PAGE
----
And the employee handbook is a place where companies narrow the brand, defining what can't and shouldn't be done. The employee handbook is often where good employer brand ideas go to die the death of a thousand well-intentioned cuts.
QUESTION: What recommendations do you have for personnel/hiring/staffing departments to work in tandem with marketing departments to develop and implement an “employer branding” strategy?
JAMES ELLIS: In an ideal situation, a company has one brand, and that brand is shared. Each team uses that brand to talk to their audience (investors, consumers, marketplace, employees, candidates, etc.) about the things that that audience cares about. Each team is expected to strengthen their part of the brand to support all other aspects.
But in reality, marketing and recruiting fight because they don't understand the fundamental differences in their own perception of what a brand is. No one has to teach marketing that the goal of marketing is always "more" any more than you need to teach a fish what water is. But when employer brand shows up and attempts to apply the tools and ideas of consumer marketing to their own audience, things fall apart and the result is mistrust and finger-pointing. If employer brand is willing to accept that their burden is to teach about a VERY different way of branding and marketing is willing to listen in the expectation that both parties become stronger for the effort, amazing things can happen.
TWEET THIS: Marketing and recruiting fight because they don't understand the fundamental differences in their own perception of what a brand is. -@thewarfortalent #EmployerBranding
QUESTION: What employer branding metrics should every organization track, and why?
JAMES ELLIS: This is a trick question. In marketing, the metrics are easy (more = good). But in employer brand, more = more and that's all. If you sell donuts and sell a million donuts, you're getting a raise. If you're selling jobs and get a million applicants, you're getting fired. Employer metrics are a function of quality, not quantity, which as discussed, is a sea change in thinking for consumer marketing.
Thus, the metrics employer brand selects are a function of its own goals, a step marketing doesn't worry about because...more. So what do you want your employer brand to do? Become a household name? To be a top-of-mind employer for nurses around the US? To be seen as the only choice for electricians who want to grow their technical and business skills? To be the place where everyone has fun at work?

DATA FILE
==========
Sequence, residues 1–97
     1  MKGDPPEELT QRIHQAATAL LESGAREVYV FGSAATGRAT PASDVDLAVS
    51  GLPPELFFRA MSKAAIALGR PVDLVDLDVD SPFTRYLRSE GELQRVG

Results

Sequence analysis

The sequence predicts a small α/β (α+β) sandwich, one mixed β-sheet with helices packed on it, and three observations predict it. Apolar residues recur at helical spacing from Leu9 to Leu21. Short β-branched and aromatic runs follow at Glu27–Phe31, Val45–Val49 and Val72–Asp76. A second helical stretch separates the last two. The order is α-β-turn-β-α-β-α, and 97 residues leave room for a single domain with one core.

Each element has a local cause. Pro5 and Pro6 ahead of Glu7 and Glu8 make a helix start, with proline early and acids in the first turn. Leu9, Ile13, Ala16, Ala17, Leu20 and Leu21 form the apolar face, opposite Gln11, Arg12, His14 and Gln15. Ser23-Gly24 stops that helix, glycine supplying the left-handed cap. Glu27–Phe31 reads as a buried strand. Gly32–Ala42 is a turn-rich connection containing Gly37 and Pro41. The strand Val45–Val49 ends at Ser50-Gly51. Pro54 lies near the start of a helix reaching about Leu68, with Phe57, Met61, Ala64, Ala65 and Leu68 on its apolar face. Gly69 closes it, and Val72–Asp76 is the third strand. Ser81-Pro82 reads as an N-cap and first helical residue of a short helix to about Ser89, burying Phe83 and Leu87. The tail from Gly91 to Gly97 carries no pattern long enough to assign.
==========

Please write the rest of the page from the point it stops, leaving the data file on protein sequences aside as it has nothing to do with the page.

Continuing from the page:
Until you know your goal, your metrics aren't actually useful.
QUESTION: How does an organization know when its employer branding efforts have evolved into enthusiastic brand ambassadors?
JAMES ELLIS: That's mostly a function of centralized effort: are you doing less and still seeing decent Glassdoor and Comparably reviews? How bad is your Blind space (Blind is a place for complaining almost exclusively so it's not about "are people saying nice things" so much as it's about taking the pulse and seeing where friction might still exist)? How hard is it to get people to share LinkedIn posts? Are people wearing the t-shirts and asking for the new sticker?
QUESTION: Who are your favorite employer brands, and why?
JAMES ELLIS: I have two, and I like them because they are so very different.
The first and most obvious is Spotify. They know their brand. They have woven it into a metaphor about being in a band that makes perfect sense. Every external communication connects to that metaphor. Rather than have brand pillars, they simply extend the band metaphor. They answer questions as a band might. It's cohesive, rather comprehensive, and connects so easily to the consumer brand. You get the sense that Spotify founders are real music fans (evidence that Spotify doesn't actually do a great job of rewarding musicians notwithstanding), and that their employer brand is an organic extension of that passion.
The second may not be as obvious. Delta Airlines is one of the rare brands that has integrated consumer marketing, employer branding, and investor relations into a single idea of its own brand. When you see an ad, whether it's a commercial on TV or a poster on the jetway as you walk onto a plane, it's very hard to say that the message is specifically a consumer message, an employer brand message, or even an internal communications message. There seems to be zero siloization of the branding teams. There is simply a shared sense of the brand.
Where Spotify is deeply and obviously creative, Delta is more conservative. They express their brands very differently, but they are each very much themselves. (The Thelonious Monk quote, "A genius is the one most like himself," is the best way to see when a brand is doing great work.)
My gratitude to James for appearing on my Blog and for sharing his inspiring employer branding, employee experience, and brand experience insights.
Image Credit: Debbie Laskey.